Different Kinds of Case Studies, but a Common Definition

Our discussion has progressed without a formal definition of case studies. Moreover, commonly asked questions about case studies still have been unan­swered. For example, is it still a case study when more than one case is included in the same study? Do case studies preclude the use of quantitative evidence? Can case studies be used to do evaluations? Let us now attempt to define the case study strategy and answer these questions.

1. Definition of the Case Study as a Research Method

The most frequently encountered definitions of case studies have merely repeated the types of topics to which case studies have been applied. For example, in the words of one observer,

The essence of a case study, the central tendency among all types of case study, is that it tries to illuminate a decision or set of decisions: why they were taken, how they were implemented, and with what result. (Schramm, 1971, emphasis added)

This definition thus cites cases of “decisions” as the major focus of case stud­ies. Other common cases include “individuals,” “organizations,” “processes,” “programs,” “neighborhoods,” “institutions,” and even “events.” However, cit­ing a case topic4 is surely insufficient to establish the needed definition of case studies as a research method.

Alternatively, many of the earlier social science textbooks failed to consider the case study a formal research method at all (the major exception is the book by five statisticians from Harvard University—Hoaglin et al., 1982). As dis­cussed previously, one common flaw was to consider the case study as the exploratory stage of some other type of research method, and the case study itself was only mentioned in a line or two of text.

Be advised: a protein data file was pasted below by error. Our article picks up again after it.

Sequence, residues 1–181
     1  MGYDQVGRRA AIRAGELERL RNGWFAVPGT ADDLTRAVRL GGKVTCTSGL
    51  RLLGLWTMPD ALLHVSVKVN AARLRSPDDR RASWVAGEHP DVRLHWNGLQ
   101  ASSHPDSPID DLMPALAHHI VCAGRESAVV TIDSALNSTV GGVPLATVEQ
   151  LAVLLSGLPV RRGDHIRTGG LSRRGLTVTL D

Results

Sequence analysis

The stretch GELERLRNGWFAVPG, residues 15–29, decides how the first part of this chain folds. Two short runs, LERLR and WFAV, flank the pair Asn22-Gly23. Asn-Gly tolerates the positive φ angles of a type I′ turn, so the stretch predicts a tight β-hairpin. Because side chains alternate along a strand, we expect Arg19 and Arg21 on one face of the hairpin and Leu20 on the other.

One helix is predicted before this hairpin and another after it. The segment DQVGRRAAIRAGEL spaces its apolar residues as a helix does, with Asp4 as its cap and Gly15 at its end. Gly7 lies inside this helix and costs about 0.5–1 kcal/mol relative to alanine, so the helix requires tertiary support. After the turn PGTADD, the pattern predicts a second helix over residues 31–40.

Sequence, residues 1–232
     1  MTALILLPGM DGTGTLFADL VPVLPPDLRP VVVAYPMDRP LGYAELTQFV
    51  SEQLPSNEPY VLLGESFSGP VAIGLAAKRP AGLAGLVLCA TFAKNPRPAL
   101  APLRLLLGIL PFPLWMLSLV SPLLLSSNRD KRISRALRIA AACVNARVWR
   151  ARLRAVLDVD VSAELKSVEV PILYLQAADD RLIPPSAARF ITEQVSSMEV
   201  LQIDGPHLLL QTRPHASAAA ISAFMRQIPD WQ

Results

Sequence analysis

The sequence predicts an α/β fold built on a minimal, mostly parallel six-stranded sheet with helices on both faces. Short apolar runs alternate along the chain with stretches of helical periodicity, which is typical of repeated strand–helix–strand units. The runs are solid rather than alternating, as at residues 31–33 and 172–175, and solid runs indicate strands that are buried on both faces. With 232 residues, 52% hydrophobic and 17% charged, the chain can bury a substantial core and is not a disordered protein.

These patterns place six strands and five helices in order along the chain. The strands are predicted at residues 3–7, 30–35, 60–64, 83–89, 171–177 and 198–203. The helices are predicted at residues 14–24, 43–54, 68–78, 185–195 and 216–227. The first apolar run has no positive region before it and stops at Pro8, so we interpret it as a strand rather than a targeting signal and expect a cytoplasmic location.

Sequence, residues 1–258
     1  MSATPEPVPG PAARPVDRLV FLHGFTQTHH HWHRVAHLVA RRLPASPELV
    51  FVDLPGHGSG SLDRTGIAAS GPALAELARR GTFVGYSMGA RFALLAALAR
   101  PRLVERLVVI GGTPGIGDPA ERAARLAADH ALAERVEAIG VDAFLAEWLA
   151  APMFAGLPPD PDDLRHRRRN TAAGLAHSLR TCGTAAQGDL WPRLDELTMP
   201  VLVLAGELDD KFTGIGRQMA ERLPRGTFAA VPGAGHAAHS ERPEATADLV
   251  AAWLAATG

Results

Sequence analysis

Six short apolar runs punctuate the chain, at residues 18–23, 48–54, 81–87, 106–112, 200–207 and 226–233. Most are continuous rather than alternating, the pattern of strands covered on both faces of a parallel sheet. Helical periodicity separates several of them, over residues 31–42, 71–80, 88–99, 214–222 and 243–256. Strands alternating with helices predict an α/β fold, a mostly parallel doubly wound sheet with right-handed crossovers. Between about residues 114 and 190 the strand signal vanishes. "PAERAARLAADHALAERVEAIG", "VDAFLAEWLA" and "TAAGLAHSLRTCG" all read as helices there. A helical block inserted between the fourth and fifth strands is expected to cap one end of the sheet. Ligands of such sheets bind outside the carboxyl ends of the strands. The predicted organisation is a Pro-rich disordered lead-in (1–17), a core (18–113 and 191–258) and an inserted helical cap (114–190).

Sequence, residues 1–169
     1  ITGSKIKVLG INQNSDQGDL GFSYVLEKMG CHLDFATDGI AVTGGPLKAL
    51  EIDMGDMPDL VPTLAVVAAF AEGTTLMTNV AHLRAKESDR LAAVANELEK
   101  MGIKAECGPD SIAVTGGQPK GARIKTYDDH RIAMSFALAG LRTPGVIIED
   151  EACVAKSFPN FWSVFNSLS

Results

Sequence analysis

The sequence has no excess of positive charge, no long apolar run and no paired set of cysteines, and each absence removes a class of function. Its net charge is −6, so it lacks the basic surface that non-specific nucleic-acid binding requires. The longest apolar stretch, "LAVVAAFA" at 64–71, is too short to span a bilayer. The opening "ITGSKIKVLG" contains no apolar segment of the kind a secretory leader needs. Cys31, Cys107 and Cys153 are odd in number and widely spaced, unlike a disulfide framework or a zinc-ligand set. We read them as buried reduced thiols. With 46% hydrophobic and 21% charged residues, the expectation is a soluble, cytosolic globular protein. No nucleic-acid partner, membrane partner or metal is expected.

Another definitional flaw has been to confuse case studies with ethnogra­phies or with participant-observation, so that a textbook’s presumed discussion of case studies was in reality a description either of the ethnographic method or of participant-observation as a data collection technique. Many earlier method­ological texts (e.g., see L. Kidder & Judd, 1986; Nachmias & Nachmias, 1992), in fact, only covered “fieldwork” as a data collection technique and omitted any further discussion of case studies.

In a historical overview of the case study in American methodological thought, Jennifer Platt (1992) explains the reasons for these treatments. She traces the practice of doing case studies back to the conduct of life histories, the work of the Chicago school of sociology, and casework in social work. She then shows how “participant-observation” emerged as a data collection technique, leaving the further definition of any distinctive case study method in suspen­sion. Finally, she explains how the first edition of this book (1984) definitively dissociated the case study strategy from the limited perspective of only doing participant-observation (or any type of fieldwork). The case study strategy, in her words, begins with “a logic of design … a strategy to be preferred when circumstances and research problems are appropriate rather than an ideological commitment to be followed whatever the circumstances” (Platt, 1992, p. 46).

And just what is this logic of design? The critical features had been worked out prior to the first edition of this book (Yin, 1981a, 1981b) but now may be restated as part of a twofold, technical definition of case studies. The first part begins with the scope of a case study:

  1. A case study is an empirical inquiry that
    • investigates a contemporary phenomenon in depth and within its real-life context, especially when
    • the boundaries between phenomenon and context are not clearly evident.